Monthly Archives:

March 2013

Should we worry about recent rises in capacity utilisation?

In recent years the use of capacity utilisation (CU) as a leading indicator for inflation, and hence for interest rates, has fallen somewhat out of favour. The large amount of spare capacity in the developed world in 2009-10 failed to translate into the substantial deflation that many had anticipated. Most economists and investors are eagerly focussing on U.S. labour market data instead, given …

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Beware the demise of the Hungarian forint

Guest contributor – Tolani Benson (Financials/Sovereign analyst, M&G Credit Analysis team)

Hungary has a substantial amount of debt outstanding – the IMF estimates levels were around €75bn at the end of last year, corresponding to 74% of GDP. Its local currency debt makes up a decent proportion of emerging market indices, constituting a not insignificant 4.6% of the widely used JPMorgan GBI-EM …

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Germany doesn’t like its own fiscal union, so why would it ever agree upon a European one?

If I asked you how the structural problems of the Eurozone may be resolved, I am sure that the suggestion of a fiscal union in which transfer payments will be made by the “rich” Northern member states to the “poor” ones in the South of Europe would rank amongst the top answers. I’ve been wondering for a while if the member states could ever agree upon major fiscal transfer payments and if it wo…

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UK inflation: the Bank of England would have to generate significant disinflation in the majority of goods we consume to hit the 2% inflation target, killing any recovery. Food and administered price rises are the problems.

With the UK’s 2% CPI inflation target having now been exceeded for 39 consecutive months, last week’s budget formally acknowledged the on-going situation and changed the Bank of England’s remit.

Although chancellor George Osborne maintains that medium-term price stability represents “an essential pre-requisite for economic prosperity”, the updated remit simultaneously introduces the concept of …

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Bond book competition winners: the UK Exchequer 12% 2017-13 is the highest coupon gilt still outstanding

Still outstanding, but probably not for long.  Although this gilt has a maturity date on 12th December 2017, there is a call option for the government at par (100) on 12th December this year (hence the 2017-13 date), and given the current price of the bond is well above par (108-ish) it will get redeemed, unless they forget.  This is what’s known as a “rump” stock.  Although it was once a £1 bi…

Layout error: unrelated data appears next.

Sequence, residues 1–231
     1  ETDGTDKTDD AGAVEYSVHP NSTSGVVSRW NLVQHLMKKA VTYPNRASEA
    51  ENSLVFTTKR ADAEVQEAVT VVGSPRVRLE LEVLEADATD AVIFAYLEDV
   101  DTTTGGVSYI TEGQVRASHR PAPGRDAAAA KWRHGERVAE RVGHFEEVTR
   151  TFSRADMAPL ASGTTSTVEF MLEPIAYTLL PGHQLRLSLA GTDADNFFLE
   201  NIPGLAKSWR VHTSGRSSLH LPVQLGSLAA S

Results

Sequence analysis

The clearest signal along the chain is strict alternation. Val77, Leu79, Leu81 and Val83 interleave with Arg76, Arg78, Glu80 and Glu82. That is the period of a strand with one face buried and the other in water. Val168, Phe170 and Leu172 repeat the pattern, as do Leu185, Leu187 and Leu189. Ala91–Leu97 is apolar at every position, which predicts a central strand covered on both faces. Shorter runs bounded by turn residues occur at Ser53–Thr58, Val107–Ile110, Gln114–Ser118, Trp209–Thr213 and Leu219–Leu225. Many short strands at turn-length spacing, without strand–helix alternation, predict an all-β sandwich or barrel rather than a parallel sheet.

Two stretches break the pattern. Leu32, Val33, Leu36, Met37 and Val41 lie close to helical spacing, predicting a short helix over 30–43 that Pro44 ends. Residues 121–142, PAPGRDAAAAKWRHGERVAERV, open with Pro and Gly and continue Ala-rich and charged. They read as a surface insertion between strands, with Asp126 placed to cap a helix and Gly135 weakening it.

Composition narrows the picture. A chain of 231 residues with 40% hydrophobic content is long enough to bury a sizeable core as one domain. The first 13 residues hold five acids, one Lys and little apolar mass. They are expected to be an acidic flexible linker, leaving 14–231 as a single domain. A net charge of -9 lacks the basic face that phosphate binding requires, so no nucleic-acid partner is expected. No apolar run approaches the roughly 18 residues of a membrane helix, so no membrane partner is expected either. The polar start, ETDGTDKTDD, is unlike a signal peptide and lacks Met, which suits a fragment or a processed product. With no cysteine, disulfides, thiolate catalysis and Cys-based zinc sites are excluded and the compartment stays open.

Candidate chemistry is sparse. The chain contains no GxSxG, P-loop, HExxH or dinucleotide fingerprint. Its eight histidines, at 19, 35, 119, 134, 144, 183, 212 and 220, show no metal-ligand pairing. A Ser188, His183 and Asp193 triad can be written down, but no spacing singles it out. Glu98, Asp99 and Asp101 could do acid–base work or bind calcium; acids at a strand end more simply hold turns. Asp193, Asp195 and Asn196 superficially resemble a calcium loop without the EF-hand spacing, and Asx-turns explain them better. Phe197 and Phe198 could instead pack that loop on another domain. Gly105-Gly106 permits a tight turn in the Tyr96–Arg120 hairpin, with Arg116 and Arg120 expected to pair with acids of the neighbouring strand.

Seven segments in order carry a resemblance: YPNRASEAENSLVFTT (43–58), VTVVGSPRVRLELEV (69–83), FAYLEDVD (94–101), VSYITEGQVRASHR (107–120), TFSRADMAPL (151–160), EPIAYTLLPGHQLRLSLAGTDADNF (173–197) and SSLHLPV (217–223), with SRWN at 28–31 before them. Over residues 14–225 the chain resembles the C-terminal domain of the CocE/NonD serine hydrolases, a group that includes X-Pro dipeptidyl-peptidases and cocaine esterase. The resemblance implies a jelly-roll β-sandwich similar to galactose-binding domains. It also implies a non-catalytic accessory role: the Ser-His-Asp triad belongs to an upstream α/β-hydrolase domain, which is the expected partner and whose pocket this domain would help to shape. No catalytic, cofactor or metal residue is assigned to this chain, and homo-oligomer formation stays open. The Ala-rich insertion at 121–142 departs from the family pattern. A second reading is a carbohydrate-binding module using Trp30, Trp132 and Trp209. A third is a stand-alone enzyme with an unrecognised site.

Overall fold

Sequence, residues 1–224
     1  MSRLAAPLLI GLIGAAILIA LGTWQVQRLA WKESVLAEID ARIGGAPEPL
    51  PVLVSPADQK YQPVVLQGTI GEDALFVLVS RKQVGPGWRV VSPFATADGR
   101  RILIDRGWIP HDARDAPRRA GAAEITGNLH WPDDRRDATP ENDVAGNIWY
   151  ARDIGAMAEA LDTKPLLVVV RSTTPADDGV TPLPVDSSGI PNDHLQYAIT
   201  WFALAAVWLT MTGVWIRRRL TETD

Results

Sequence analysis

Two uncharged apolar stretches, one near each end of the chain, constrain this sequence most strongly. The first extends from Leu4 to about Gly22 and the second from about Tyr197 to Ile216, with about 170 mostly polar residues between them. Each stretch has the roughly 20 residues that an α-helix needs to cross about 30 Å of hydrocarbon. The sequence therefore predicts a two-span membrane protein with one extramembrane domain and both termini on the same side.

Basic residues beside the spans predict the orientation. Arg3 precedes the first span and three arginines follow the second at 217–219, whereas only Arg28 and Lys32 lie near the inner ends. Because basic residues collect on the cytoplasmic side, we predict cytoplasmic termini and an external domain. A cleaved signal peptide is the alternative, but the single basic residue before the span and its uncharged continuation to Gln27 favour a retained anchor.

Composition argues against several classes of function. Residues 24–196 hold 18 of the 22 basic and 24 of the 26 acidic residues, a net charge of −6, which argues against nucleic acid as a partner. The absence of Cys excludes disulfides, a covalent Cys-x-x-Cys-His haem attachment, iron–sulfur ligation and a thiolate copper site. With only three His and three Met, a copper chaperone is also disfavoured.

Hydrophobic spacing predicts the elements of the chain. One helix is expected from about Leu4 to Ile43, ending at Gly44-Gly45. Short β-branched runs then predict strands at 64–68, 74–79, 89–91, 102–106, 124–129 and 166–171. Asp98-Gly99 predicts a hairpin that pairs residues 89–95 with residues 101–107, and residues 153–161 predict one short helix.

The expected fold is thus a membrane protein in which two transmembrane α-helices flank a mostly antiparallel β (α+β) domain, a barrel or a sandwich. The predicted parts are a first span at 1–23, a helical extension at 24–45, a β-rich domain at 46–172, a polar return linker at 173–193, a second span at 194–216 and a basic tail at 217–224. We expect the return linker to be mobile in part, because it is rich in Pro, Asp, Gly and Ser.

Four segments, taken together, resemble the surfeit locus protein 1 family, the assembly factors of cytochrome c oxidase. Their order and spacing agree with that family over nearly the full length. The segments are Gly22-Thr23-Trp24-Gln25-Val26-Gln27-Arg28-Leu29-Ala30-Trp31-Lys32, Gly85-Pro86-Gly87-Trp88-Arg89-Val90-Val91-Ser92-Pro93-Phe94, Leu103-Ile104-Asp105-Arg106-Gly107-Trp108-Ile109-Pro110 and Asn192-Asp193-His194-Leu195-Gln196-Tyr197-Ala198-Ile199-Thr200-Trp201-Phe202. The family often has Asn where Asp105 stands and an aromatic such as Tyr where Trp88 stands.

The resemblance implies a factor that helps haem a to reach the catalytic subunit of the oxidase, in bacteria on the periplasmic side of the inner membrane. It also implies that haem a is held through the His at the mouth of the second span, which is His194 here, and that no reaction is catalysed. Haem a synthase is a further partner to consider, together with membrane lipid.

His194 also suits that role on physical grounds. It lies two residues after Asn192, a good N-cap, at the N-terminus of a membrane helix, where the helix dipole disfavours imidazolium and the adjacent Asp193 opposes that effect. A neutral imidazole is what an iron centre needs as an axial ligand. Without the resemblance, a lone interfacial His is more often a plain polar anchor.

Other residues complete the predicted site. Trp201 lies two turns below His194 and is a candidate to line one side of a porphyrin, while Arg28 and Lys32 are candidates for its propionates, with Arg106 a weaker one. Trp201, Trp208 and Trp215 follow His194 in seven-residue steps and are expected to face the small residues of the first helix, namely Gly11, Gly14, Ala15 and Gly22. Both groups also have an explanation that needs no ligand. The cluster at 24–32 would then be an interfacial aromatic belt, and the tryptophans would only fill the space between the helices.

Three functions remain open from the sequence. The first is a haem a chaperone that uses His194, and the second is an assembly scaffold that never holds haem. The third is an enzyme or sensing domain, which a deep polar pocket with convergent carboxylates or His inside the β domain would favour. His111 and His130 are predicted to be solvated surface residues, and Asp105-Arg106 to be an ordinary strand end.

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Heinz: Beans, Buffett and the return of animal spirits

After years of inactivity, the combination of strong corporate balance sheets and cheap funding has sparked demand for takeover deals. The largest and highest profile deal this year has been the acquisition of H.J.Heinz by 3G Capital and Berkshire Hathaway. It is exactly the type of business that Berkshire Hathaway’s Chairman and CEO Warren Buffett typically goes for: profitable growth; a very …

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I predict a CypRIOT: Three major implications for the European and UK banking systems

Stefan blogged earlier this week about the landmark sovereign bailout occurring in Cyprus, and about some of the interesting issues this raises. Sure enough, the parliament did not approve the package in the form talked about at the weekend. The reason? The taxes were felt too painful for the poor and too lenient for the more wealthy. This harks back to a blog I wrote about a couple of years ag…

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Insane in the brain. Dangerous precedents being set in Cyprus

Depositors in Cypriot banks awoke on Saturday morning to learn a harsh lesson. A guarantee is only as strong as your counterparty. With the Cypriot banking system requiring €10-12 billion of bailout funds – some 60% of GDP – the government has been forced to accept burden sharing with depositors. Depositors who went to bed Friday night believing their savings were safe awoke Saturday to find th…

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Competition: win one of 20 copies of The Sterling Bonds and Fixed Income Handbook

Mark Glowrey has written an excellent guide to the UK’s bond markets, covering everything from gilts, linkers, corporate bonds and high yield, to dealing, settlement, tax and covenants. There’s also some great bond market history and anecdote – I like the story of the two brothers who worked as bond brokers at the London Stock Exchange. Both had been awarded the Military Cross in World War 2, b…

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HY default rates showing the divergence in the Eurozone

2012 was not a good year for peripheral European defaults in the high yield market. Spain’s default rate doubled from 7% to 14%, while Italy’s went from 5.7% to 9.5%. Clearly, that the Spanish and Italian economies are under stress is not news, but what I thought was interesting though was that German defaults have continued to fall. It is important to point out that this is not just the public…

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